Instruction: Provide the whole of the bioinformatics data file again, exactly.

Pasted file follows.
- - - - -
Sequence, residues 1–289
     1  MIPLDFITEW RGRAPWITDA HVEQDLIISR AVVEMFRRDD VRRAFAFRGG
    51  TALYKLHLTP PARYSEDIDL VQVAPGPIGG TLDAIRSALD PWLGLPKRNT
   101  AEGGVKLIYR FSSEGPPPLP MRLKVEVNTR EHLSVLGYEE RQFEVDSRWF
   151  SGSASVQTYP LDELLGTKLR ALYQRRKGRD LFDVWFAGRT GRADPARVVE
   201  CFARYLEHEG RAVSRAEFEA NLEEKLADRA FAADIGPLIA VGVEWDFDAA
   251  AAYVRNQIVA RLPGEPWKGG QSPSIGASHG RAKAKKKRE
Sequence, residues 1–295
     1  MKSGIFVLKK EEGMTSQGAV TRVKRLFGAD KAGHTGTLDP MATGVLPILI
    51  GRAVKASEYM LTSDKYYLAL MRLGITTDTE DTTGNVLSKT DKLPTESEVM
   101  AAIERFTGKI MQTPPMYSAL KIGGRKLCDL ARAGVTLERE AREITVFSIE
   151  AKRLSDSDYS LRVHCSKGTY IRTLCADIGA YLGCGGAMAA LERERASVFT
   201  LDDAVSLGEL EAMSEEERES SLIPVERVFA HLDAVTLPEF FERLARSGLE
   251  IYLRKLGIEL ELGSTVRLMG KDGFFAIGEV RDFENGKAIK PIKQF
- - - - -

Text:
Sequence, residues 1–289
     1  MIPLDFITEW RGRAPWITDA HVEQDLIISR AVVEMFRRDD VRRAFAFRGG
    51  TALYKLHLTP PARYSEDIDL VQVAPGPIGG TLDAIRSALD PWLGLPKRNT
   101  AEGGVKLIYR FSSEGPPPLP MRLKVEVNTR EHLSVLGYEE RQFEVDSRWF
   151  SGSASVQTYP LDELLGTKLR ALYQRRKGRD LFDVWFAGRT GRADPARVVE
   201  CFARYLEHEG RAVSRAEFEA NLEEKLADRA FAADIGPLIA VGVEWDFDAA
   251  AAYVRNQIVA RLPGEPWKGG QSPSIGASHG RAKAKKKRE
Sequence, residues 1–295
     1  MKSGIFVLKK EEGMTSQGAV TRVKRLFGAD KAGHTGTLDP MATGVLPILI
    51  GRAVKASEYM LTSDKYYLAL MRLGITTDTE DTTGNVLSKT DKLPTESEVM
   101  AAIERFTGKI MQTPPMYSAL KIGGRKLCDL ARAGVTLERE AREITVFSIE
   151  AKRLSDSDYS LRVHCSKGTY IRTLCADIGA YLGCGGAMAA LERERASVFT
   201  LDDAVSLGEL EAMSEEERES SLIPVERVFA HLDAVTLPEF FERLARSGLE
   251  IYLRKLGIEL ELGSTVRLMG KDGFFAIGEV RDFENGKAIK PIKQF